Be Niche. Are you different enough to succeed? When we started out I didn’t have a specific point of view. I had a shop of beautiful generic things but the reality was it just didn’t bring in enough money. Six months in I realised I had to bin the idea of trying to appeal to everyone and to hone in on a niche. This was the first major step in making my business the success it is today.
“A strong aesthetic gets loyal followers and press attention which help your business flourish”.
Get noticed: How? i) through your unique product selection, ii) how you then create them into the design of your store iii) the style and content on social media channels. Thinking niche creates filters for buying. Mine is glam, theatrical, tongue in cheek and edgy, so I only ever buy products that resonate with that. Once you have the right products then make sure there is no disconnect with your store or website, they should all have the same voice.
Be scalable. The minute I got out from behind the store was the minute I propelled my brand to the next level. Even in the early days if you can start thinking big you’ll lead and grow the brand.
People: Hiring the right people allows you do this. Step away as you can’t do everything yourself. When manning the shop for the first four years I was so hands on I just didn’t have the energy to think about where I was going to take things. Find good people and delegate.
Faith. In the early days I assumed we’d be successful in the first year but it’s so much longer than that. Retail is one of the hardest gigs to make a successful living at and to begin with I was just surviving. Have faith and start to drill into your theme but go beyond the trade shows and take it further afield, e.g. foreign magazines.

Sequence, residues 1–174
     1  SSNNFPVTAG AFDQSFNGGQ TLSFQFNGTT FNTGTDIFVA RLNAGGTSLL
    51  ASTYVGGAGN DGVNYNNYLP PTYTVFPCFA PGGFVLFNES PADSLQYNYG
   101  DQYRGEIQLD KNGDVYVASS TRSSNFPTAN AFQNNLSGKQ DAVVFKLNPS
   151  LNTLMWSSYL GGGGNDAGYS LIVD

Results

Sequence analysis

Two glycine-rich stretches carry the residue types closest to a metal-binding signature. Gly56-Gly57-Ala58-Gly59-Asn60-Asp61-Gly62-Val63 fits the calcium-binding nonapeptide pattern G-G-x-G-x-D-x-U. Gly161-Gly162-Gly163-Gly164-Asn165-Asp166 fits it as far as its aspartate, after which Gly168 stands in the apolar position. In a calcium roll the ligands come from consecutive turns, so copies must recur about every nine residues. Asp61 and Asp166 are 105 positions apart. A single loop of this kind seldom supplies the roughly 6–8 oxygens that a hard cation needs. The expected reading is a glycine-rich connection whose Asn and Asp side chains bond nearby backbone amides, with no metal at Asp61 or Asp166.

Mistakes. My first mistake was taking tiny premises off the beaten track with no footfall. I should have had the confidence and invested more because people find you quicker with a better location. My Second mistake was that I tried to introduce too many different product lines such as beauty. Most people think that by narrowing your brand is restrictive but it’s actually the other way round.
Accessories, our biggest seller, account for 40% of our stock and the high value are about 30%.
Product range and drops. If I find a product isn’t working its goes straight to sale otherwise it’ s taking up too much real estate in my warehouse. Unlike fashion where there are two product drops per year, in interiors you don’t need to do that. We have four annual drops with monthly store changes. We also have a core range of best sellers like our amazing huge mirrors we’ve always had for the 12 years. But the accessories are seasonal bread and butter that people come in at the weekends for before eventually buying the bigger ticket items. So keep it fresh with your smalls!
If you’ve found this useful Abigail Ahern runs interior Retail Design School with stacks more information on how to know your market, find customers and your business a success story.